(Free Adams/Times Leader)
Judge. (Free Adams/Times Leader)

3. The Yankees need to start getting younger. The Yankees currently have four legitimate outfield prospects in Triple-A: Aaron Judge, Mason Williams, Ben Gamel, and Jake Cave. All four are among the 25 best prospects in the organization. That doesn’t include Cesar Puello, a former top prospect who is playing extremely well in Triple-A after being picked up as a minor league free agent. It also doesn’t include Aaron Hicks in MLB or Dustin Fowler and Billy McKinney in Double-A.

The Yankees have a lot of impressive young outfielders at the upper levels of the minors and that’s awesome. They should be thrilled to have so many young options, and in the cases of Judge and Williams, high upside options. The Yankees need to start making room for these guys and bringing Beltran back doesn’t accomplish that at all. In fact, it’s gotten to the point now where the Yankees need to think about clearing two outfield spots next year to make room for these guys. Let Beltran go and trade Brett Gardner. That sort of thing. (I’m guessing they’re stuck with Jacoby Ellsbury.)

* * *

This would all be rendered moot if Beltran declined the qualifying offer, but I think the chances of that are so small. Beltran said at the All-Star Game that he wants to play two more years, so he’s not thinking about retirement, and who’s going to give up a draft pick to sign a 40-year-old outfielder or DH, let alone offer close to $17M? If the Yankees make the qualifying offer, accepting it would be Beltran’s best shot at gainful employment next year.

There’s too much downside to bringing Beltran back next season — he’s likely to decline, the roster will be inflexible, the young outfielders will be blocked, etc. — for the qualifying offer to be a serious consideration. Hopefully the Yankees realize this and decide to cash in on Beltran’s big season by trading him for a prospect or two at the deadline, rather than keep him and lose him for nothing after the season. Or worse, bring him back in 2017. This is a classic example of letting a player go a year early rather than a year late.

2016 Trade Deadline Rumors Open Thread: Tuesday

(Elsa/Getty)
(Elsa/Getty)

Yesterday afternoon the Yankees made their biggest trade in quite some time, sending Aroldis Chapman to the Cubs for Adam Warren and three prospects. One of those prospects, shortstop Gleyber Torres, ranks among the top 25-ish prospects in baseball. It’s a significant haul for a rental reliever, even one as good as Chapman, and it very well might be the team’s biggest move at this year’s trade deadline.

“This one move doesn’t necessarily create a domino effect of selling, and it doesn’t prevent a domino effect of buying,” said Brian Cashman to reporters on yesterday’s trade conference call. “This is an easy call, and this was the right call. Easy because we traded from an area of strength, and we are excited about the players that we received for someone that obviously was only under control for two more months.”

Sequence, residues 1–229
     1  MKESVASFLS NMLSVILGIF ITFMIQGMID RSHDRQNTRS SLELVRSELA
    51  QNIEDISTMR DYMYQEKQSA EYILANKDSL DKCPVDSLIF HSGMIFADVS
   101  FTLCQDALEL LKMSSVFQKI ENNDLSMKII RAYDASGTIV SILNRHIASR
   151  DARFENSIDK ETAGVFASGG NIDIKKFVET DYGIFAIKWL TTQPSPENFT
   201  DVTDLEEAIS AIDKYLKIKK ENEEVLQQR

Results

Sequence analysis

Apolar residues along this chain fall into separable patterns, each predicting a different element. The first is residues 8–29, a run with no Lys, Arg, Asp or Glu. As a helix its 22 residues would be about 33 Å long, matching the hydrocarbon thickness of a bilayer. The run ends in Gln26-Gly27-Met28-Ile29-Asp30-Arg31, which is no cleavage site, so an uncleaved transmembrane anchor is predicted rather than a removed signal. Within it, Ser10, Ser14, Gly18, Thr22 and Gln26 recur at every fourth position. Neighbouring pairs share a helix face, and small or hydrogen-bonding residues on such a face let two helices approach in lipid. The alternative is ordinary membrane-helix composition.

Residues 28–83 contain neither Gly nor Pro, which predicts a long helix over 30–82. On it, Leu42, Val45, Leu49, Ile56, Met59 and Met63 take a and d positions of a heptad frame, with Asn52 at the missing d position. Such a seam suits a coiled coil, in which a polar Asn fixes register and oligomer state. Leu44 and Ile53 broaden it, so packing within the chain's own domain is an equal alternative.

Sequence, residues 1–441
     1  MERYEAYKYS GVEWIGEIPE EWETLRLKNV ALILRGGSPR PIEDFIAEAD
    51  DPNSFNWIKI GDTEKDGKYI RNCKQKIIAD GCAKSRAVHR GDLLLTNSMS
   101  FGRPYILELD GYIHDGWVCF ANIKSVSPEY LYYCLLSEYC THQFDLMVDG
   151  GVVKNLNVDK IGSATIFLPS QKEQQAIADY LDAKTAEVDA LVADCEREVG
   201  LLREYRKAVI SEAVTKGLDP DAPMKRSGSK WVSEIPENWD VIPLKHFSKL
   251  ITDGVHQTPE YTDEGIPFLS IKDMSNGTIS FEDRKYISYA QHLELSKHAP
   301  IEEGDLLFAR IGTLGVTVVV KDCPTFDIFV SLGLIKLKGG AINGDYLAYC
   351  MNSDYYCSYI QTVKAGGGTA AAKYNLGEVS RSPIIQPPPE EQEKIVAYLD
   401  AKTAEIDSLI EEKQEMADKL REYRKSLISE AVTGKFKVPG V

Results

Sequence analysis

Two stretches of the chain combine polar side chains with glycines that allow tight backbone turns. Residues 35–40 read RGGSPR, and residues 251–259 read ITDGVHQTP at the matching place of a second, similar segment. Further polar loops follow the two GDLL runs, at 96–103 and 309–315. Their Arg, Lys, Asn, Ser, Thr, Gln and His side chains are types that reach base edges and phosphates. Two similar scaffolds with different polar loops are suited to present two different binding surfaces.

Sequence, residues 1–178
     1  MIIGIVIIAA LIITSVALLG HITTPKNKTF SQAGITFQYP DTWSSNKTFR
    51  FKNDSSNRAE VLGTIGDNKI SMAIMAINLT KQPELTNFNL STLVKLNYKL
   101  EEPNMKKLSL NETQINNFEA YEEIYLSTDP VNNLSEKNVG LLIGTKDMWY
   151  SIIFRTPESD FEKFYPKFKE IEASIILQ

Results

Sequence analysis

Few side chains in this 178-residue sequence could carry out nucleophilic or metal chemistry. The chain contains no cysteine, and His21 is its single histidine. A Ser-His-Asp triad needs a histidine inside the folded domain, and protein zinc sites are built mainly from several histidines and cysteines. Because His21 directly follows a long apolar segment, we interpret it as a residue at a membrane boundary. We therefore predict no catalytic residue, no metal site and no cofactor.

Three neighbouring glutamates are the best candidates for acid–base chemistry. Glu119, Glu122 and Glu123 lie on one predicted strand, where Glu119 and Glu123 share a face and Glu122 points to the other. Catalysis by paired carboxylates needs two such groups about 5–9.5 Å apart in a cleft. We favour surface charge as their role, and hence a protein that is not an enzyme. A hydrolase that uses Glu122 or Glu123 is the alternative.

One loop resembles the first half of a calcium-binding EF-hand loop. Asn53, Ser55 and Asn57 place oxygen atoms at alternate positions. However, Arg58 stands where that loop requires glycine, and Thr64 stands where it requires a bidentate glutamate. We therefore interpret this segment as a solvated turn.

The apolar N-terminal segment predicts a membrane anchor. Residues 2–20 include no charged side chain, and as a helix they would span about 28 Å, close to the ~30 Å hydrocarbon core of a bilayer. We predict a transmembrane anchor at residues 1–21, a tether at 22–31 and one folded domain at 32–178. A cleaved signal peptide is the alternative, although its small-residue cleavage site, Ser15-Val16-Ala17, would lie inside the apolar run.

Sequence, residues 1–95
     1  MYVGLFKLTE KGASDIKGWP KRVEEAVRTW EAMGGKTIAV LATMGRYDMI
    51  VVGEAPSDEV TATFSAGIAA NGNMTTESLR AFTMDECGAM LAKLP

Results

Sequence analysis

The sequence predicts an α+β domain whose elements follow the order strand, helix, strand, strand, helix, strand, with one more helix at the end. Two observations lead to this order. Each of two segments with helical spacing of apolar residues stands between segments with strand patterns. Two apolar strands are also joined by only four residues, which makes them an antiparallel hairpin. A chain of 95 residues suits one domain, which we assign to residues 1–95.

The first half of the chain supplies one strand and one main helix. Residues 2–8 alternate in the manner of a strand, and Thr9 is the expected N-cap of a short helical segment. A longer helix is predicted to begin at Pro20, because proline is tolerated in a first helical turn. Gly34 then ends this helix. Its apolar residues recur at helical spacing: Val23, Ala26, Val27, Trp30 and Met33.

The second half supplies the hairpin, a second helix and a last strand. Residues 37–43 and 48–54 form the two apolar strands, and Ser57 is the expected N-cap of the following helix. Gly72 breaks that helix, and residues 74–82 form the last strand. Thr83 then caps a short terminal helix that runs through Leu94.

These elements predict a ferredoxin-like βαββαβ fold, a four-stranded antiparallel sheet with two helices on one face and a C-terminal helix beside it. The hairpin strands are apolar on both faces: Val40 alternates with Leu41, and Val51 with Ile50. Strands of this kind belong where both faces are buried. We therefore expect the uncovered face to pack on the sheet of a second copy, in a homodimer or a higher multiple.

With Chapman gone, the focus figures to shift to the team’s other rental players, namely Carlos Beltran and Ivan Nova. Andrew Miller‘s name has been out there as well, ditto basically everyone in the rotation other than Masahiro Tanaka. Here are Monday’s trade deadline rumors. We’ll again keep track of today’s rumors right here, in this one post, so check back often. All time stamps are ET.

  • 9:30am: Trading Nova is the next priority, and the Marlins are among the interested teams. “They’re shooting high, but it’s early. They know what the pitching market looks like right now and they’re trying to capitalize on that,” said a source to Mark Feinsand. I guess there’s a chance Nova has already thrown his last pitch as a Yankee.
  • 9:30am: Brett Gardner is a consideration for the Dodgers, though he is not atop their list of targets. Los Angeles is without Andre Ethier (leg) and Trayce Thompson (back), plus Yasiel Puig isn’t hitting, so they need outfield help. Howie Kendrick in left isn’t going too well. [Joel Sherman]
  • 9:30am: The Nationals were “deep in conversations” with the Yankees about Chapman before he was traded to the Cubs. They didn’t put enough on the table though, so to the Cubs he went. The Nats could change gears and focus on Miller now. [Buster Olney]
  • 10:21am: The Nats declared Joe Ross, Lucas Giolito, Trea Turner, Victor Robles, and Reynaldo Lopez off-limits in Chapman trade talks. That’s a lot of untouchables. The Indians were “seemingly” unwilling to part with top outfield prospects Bradley Zimmer and Clint Frazier. [Ken Rosenthal]
  • 10:51am: Rival clubs say the Yankees are buying and selling, and are looking for controllable pitching in particular. “We’re not playing in a narrow-minded world. We want to be open to any and all ideas. Buy, sell, long, short. It’s in our best interests to be creative and open-minded, not just now,” said Cashman. [Ken Rosenthal]

Reminder before you comment: Your trade proposal sucks.